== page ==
Wednesday, 16 April 2008

PostHeaderIcon Whale

'Endangered' in Japanese roughly translates into 'delicacy'*

I've got an hour left of work today and I reckon it's going to drag on so I thought I'd write a cheeky wee blog update. I was really enjoying my job the last two days as I was actually in the classroom and talking to the students. However, today has seen me back at the B.O.E and sitting with damp socks as it pours down outside. The weather is very pleasant here just now though so hopefully it will be all well and good tomorrow.

In other news, Noah's dad and step-mum are staying in town just now as they complete a tour of Japan. The people at my work hosted a really excellent enkai in Aki on Monday night for them on which I tagged along. They provided endless amounts of traditional/expensive/local Japanese food and drink for them to try so I happily stuffed my face as well. Also, I was presented with my first opportunity to eat whale. Personally, I don't feel that strongly on the subject of whaling so happily tucked in. I'm sure if you mention whaling to anyone then they'll first assume "ah yes, that's terrible" but really humans hunt and eat everything. My eikaiwa also told me last night quite passionately about the history and tradition of hunting whale in Japan. One good point they made was the Western countries used to hunt thousands of whales for their oil only whilst Japan had a use for everything. It may appear that I've been brainwashed but the Japanese kind of irritate me as well. I think it's borderline retarded to continue to hunt a species that has a chance of becoming extinct. Furthermore, breaking international treaties and antagonising other countries by fishing near their waters is just plain... rude. Lastly, using a loophole in the treaty and calling whale hunting 'research' just makes them look like dodgy gits. I also hold some views that the continuation of whaling is one small way that Japan can flex its power/nationalism/history on the world scene. With all this aside... whale is pretty tasty. The cooked stuff tastes like my Gran's roast beef and the raw stuff is some of the best sashimi I've had. I didn't touch the blubber because that made no rational sense in my mind.

Yeah so that was another successful enkai all round. I ended up drinking about 5-6 bottles of sake with the jicho (second in command at B.O.E) and some of my teachers. I think everyone enjoyed the evening although Noah was working hard as translator whilst I stuffed my face with delicacies. Coupled with my eikaiwa last night and work all day today, I'm feeling a bit sleepy right now. My eikaiwa (that's my English class by the way) kind of irritated me last night to be honest. The CIR in the next town cancelled his class because he's got a Japanese test coming up which is fair enough. However, some of the eikaiwa refugees have sought shelter in my advanced class. Now, my class is full of old women who speak near perfect English and whilst the news ones are alright they're miles apart. So now I need to simplify my lessons whilst the old students seem irritated that I'm doing this. This is along with the new students who seem too nervous to contribute and don't flinch when I ask them three times "What did you do at the weekend?" Another one got a bit angsty at me when I politely declined her invitation to drive her into the city so that she could see another 'Genki Musical' performance on Sunday. It made me wonder how my life has evolved into old Japanese women expecting such things from me.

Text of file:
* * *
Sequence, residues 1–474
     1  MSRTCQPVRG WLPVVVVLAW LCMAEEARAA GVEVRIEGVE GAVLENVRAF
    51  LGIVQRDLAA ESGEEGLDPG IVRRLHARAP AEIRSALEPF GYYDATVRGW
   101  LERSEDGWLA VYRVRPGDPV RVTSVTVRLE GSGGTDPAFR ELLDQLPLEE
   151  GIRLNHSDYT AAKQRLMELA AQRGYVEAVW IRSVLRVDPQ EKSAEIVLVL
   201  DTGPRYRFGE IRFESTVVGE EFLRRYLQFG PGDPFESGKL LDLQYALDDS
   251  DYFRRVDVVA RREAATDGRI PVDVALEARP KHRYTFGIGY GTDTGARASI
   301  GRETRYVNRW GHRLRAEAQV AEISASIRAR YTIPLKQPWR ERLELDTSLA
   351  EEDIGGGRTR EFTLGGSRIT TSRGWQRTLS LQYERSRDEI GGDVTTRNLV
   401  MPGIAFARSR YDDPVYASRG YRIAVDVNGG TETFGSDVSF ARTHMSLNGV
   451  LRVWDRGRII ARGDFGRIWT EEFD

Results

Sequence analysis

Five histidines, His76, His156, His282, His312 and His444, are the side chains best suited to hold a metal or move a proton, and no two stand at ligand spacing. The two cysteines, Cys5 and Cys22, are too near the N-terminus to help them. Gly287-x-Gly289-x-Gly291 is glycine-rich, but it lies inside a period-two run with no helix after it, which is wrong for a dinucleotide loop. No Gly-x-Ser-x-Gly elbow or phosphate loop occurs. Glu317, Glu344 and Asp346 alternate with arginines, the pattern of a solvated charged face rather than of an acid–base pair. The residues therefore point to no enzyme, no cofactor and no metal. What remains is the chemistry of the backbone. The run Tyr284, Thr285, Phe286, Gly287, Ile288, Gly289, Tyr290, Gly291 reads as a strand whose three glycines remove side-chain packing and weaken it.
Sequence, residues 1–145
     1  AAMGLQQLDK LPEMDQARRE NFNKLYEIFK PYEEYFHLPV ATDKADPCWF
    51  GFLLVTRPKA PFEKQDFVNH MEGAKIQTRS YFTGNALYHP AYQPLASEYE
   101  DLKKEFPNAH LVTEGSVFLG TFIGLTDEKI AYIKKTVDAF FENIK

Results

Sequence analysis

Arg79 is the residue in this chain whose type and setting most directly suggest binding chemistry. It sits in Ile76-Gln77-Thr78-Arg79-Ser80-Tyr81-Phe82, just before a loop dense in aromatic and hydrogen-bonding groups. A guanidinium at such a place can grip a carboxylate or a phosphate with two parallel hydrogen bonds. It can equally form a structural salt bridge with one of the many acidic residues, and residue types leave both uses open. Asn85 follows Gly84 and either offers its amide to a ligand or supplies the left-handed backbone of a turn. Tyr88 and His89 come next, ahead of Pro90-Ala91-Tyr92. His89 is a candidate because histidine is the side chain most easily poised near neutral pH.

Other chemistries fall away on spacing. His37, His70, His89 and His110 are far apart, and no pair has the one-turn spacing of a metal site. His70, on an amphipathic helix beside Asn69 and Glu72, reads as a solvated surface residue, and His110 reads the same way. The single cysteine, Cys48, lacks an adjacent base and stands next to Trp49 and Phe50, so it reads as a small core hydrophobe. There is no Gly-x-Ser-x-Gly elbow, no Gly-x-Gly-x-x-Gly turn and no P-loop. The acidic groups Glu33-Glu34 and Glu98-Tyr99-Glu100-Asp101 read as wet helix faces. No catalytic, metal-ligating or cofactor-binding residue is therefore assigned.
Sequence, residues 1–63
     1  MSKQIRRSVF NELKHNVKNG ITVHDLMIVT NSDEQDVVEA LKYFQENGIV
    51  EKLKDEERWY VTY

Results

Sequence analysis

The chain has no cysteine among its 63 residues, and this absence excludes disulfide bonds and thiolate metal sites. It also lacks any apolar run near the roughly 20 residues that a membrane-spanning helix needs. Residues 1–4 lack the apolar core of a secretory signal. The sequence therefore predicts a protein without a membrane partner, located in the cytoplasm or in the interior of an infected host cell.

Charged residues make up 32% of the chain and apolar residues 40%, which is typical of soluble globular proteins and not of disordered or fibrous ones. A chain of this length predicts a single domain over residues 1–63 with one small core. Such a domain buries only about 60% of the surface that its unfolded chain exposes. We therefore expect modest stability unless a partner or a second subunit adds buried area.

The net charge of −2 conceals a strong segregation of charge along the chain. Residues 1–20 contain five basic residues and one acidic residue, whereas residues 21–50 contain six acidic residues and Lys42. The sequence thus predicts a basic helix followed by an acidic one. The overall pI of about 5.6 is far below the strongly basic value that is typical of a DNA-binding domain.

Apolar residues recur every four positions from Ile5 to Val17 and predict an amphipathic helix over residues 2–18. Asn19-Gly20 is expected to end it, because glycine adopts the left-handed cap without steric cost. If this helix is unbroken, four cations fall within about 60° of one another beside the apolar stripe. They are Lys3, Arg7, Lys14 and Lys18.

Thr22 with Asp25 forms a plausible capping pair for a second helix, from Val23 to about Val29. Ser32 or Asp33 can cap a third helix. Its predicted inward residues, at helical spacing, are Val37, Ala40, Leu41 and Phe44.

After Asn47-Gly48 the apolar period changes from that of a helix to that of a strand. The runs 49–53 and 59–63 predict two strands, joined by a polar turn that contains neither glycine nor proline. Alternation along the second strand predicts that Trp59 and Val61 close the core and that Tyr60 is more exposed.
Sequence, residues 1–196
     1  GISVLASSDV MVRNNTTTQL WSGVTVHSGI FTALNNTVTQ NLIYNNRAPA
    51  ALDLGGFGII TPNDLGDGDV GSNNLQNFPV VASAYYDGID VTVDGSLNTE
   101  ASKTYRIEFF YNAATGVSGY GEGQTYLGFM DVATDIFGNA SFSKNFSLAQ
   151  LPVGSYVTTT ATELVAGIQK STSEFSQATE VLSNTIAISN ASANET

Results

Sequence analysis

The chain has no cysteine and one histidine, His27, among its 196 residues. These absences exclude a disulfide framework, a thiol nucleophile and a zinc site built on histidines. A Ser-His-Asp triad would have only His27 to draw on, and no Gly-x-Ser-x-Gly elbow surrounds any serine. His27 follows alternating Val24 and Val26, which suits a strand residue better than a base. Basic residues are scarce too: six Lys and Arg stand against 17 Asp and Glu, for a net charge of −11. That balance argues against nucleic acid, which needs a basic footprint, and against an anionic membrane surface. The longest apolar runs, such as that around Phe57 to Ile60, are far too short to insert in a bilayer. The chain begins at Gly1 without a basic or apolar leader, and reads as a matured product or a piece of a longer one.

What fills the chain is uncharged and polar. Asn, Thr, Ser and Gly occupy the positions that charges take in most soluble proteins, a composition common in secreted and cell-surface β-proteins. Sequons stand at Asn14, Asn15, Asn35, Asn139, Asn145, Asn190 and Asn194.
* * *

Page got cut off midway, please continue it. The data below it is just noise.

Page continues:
I made a Japanese sentence up earlier in my workbook that I found slightly amusing:

keki o tabemasho. pan wa tsumaranai desu kara.
Let's eat cake, because bread is boring.

Oh wait, I should have ended this entry with something like "Let's eat whale, because it's endangered."

*That might be true.


Mike said...

The research project is called "Let's find out what whalemeat tastes like - a scientific investigation"

The BBC has a good page about whales and whaling. Apparently Japan take 900-950 minkes a year from a population of probably 450,000+. Norway take a thousand, and I've never heard anyone complain about them.

Anonymous said...

Hey Craig,
I was going to comment that I always find your blog witty...but I have concluded that you are more jocose than witty and it's very entertaining to read.

I do really like your new japanese sentence that you constructed about cake and bread. I dare you to bring a selection of cakes and bread to your next Eikaiwa - liberate that sentence through your voice and journal the reactions of your students, especially your 'refugees students'.

That said; I can not believe you ate whale.

Craig said...

I had to look 'jocose' up in the dictionary you know. Whale was tasty mmm mmm

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About Me

I am a 24 year old Scotsman currently teaching English to Japanese schoolchildren. I live in a small town on the east coast of Kochi prefecture.